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Dec 15

4/15 Understanding your Fight Style for Conflict Solutions

So far we have been looking at the Communication Skills needed for good relationships.  We’ve talked about the common Roadblocks to communication and how learning to Reflective Listen to others helps get our messages across. Then we present a model for Conflict Solutions in Collaborative Problem Solving.

As we now begin to look at another very important area of Conflict Solutions – ‘Fight Styles’ and how to have better communication skills.  If we can understand where our style has come from and then, we can learn how to improve.

1.   We learn our fight styles from our family of origin

We first learn our ‘fight style’ from our parents, who will fight in one of three ways:  aggressive and ‘bloody’ out in public, quietly (or not) behind closed doors, with grace, communicating well and solving most problems.

2.  Our fight styles can reflect deeper struggles

a)  Being afraid of Emotions:

Fear and insecurity are powerful forces of control.  Perhaps we fear losing control, of lifting the lid on the volcano inside.  Emotions may have been used against you in the past when someone’s anger shut you down or caused you trauma.  Perhaps you have said “I can’t ever show my anger if that’s what happens to me”.

b)  Getting ‘sucked in’ to a Reaction Cycle:

Perhaps you have tried to resolve issues with your partner, only to find your own reactions are over-powering.  Often we use ‘emotional blackmail’ to call attention to our pain, such as sulking, withdrawal or the ‘silent treatment’, in order to shame our partner into seeing things our way.  Often it is a cry for others to recognise our hurt, but manipulation doesn’t ultimately work!

3.  Our Fight styles reflects male – female differences

a)  Men often struggle with the emotional aspect in conflict resolution.

 Often, men have trouble identifying emotions or they have learned ways of repressing what emotions are there.  Male culture doesn’t encourage the expression of emotions.  They ‘think’ rather than ‘feel’.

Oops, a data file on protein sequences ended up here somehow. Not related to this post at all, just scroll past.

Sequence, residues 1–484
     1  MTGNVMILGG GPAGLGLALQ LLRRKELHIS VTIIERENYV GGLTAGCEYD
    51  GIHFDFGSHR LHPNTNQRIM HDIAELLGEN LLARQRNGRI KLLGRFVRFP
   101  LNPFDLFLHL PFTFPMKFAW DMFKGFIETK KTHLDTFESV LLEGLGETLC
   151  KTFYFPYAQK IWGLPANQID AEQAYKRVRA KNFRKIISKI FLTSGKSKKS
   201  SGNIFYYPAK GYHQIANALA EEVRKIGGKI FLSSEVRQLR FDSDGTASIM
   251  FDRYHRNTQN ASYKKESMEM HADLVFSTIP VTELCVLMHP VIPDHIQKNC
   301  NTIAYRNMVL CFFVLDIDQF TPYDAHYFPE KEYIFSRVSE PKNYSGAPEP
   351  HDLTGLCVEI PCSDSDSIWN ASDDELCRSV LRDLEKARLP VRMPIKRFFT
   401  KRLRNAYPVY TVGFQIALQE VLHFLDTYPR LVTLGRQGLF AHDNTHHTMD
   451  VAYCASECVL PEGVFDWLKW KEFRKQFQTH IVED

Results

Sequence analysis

Their solution is to learn to identify what they are feeling.

b)  Women, on the other hand, are often overwhelmed with the amount of emotions they feel in conflict.

Their solution is to work through their emotions so as not to be ‘flooded’ with feelings when logic can be the best answer.

Like learning to ride a bike, we need to give ourselves time to learn how to resolve conflicts with those around us.  Learn to see your emotions as ‘pointers’ to unresolved issues.

4.  Our fight styles may have destructive patterns

Following are some ways we ‘sabotage’ healthy conflict resolution:

a)  Avoidance, Withdrawal or Denial

ignoring or pretending conflict didn’t/doesn’t happen.  Such repression will cause conflict to surface somewhere else at another time.  People in denial usually just give in, becoming a ‘doormat’.  They live without hope in resignation.

Some people use a ‘numbing out’ process or choose escapism to handle conflict.  However, with every ‘hidden volcano’, an explosion will happen somewhere when the pressure gets too great.

b)  Diffusion, Smothers

delaying tactics, resolving minor points without dealing with root issues.  This may produce frustration and resentment, and growth of problems.

c)  Confrontation or Domination

usually produces power struggles:  physical or physiological force, bribery, revenge, retaliation, hostility or anxiety.  When we lash out in frustration or anger, it produces a ‘winner’ and ‘loser’ mentality.

d)  Alternatively, there is the Healthy Style of Negotiation

This takes into account the needs and fears of both sides.  Strategies are developed so both sides ‘win’.

From your evaluation of your own fight style, what were the common ways that your parents handled their conflict?  How has this affected you?  Think through the information presented in this blog post.  Can you identify your Fight Style yet?

In our next post we shall continue with this important topic when we see that many of us have a ‘Dance of Death’ Fight Style.  …but the question comes  – can we change?

Susanne Fengler. Blog Author


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